Cameron vs. Sturgeon: these two are going to have a serious fall-out before long

Cameron vs. Sturgeon: these two are going to have a serious fall-out before long

The SNP is ideologically very different to its neighbour in Westminster. Vehemently anti-austerity and decidedly centre-left in outlook, Nicola Sturgeon’s party is on a collision course with the Bullingdon Boys, for certain. A spectre of a second referendum hangs over us, threatening more instability and uncertainty – hardly a recipe for economic growth. Moreover, the Conservatives may have had a majority but it was a narrow one. Cameron’s hold on power over the next five years will be tenuous and I foresee leadership struggles and backbench revolts. Consider the final years of the Major and Blair administrations: the precedent set is not a happy one. Did the Shy Tory stop to consider the ramifications of his vote? I think not. The Conservative Party prides itself on its sound fiscal track record, but look deeper and you will see that this is a fiction. The last five years have not seen a reduction in our budget or current account deficit and while Cameron & Co. remain fixated on low taxes and keeping the over-60s content, I do not see how this financial chasm can ever be narrowed.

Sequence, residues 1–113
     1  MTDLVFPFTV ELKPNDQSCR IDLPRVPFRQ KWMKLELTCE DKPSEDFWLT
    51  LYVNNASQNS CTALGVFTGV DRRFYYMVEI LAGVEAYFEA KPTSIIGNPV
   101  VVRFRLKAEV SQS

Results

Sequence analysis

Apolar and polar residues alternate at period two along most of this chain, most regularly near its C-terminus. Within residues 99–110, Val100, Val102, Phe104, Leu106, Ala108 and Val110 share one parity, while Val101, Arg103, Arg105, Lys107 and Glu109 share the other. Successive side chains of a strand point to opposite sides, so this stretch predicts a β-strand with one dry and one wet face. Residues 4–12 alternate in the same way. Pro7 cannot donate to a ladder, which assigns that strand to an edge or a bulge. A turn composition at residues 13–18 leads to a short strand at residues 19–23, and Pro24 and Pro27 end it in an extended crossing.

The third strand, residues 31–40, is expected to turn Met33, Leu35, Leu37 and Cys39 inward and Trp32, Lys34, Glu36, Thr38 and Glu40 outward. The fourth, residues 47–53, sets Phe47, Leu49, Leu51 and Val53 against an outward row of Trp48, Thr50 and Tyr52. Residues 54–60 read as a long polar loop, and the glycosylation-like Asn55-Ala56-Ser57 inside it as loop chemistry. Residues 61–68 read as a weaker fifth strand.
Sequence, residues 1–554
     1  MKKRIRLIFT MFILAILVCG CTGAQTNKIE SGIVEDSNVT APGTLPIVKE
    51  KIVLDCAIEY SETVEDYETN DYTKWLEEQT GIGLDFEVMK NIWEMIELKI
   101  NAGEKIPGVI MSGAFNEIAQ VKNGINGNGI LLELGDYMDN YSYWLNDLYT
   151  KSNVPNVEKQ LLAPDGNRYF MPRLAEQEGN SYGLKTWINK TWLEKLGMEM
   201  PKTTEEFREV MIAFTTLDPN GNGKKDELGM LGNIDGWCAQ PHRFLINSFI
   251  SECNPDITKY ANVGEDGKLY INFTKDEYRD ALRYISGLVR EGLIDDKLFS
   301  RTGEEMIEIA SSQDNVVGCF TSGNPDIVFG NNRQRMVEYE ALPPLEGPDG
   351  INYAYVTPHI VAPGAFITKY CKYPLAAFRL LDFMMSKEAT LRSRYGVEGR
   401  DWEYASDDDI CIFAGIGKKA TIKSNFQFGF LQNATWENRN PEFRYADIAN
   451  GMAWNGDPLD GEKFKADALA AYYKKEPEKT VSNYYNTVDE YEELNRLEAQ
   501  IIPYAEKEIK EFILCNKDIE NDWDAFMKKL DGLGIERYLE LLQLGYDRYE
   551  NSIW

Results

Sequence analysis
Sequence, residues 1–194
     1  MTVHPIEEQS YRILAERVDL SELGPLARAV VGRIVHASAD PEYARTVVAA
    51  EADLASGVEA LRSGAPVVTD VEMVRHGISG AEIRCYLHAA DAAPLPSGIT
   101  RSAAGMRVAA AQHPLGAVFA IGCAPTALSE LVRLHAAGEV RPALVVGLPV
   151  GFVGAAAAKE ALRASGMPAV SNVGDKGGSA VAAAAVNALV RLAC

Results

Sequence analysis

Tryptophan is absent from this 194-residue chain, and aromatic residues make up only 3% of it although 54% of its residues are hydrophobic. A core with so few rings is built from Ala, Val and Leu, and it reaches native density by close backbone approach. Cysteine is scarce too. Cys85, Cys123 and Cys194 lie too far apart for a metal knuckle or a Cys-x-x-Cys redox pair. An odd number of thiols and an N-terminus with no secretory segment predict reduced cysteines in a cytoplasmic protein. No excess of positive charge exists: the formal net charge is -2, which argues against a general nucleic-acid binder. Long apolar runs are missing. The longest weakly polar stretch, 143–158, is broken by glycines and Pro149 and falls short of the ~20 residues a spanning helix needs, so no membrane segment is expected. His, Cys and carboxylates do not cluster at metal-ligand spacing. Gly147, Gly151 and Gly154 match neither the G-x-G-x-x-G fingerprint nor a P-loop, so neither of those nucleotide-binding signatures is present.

It would be fair to say that we in England were faced with a poor selection of candidates to run the kingdom. However, with Team Austerity given free rein to rule without the tempering influence of a moderate faction like the Liberal Democrats, most citizens are in for an uncomfortable five years or more. Labour, the Liberal Democrats and UKIP are now leaderless and it may take a long time before we see any credible opposition to the Conservatives. Even if there were, what chance will they have of getting a foothold in Whitehall when the system is rigged in favour of the Tories? Britain needs another 1832 if credibility in the democratic process is to be restored. 53% of YouGov respondents are in favour of proportional representation. I share that view. I want to see an end to tactical voting. I want to extinguish the power of the Shy Tory. I want my vote to count. I want a voice.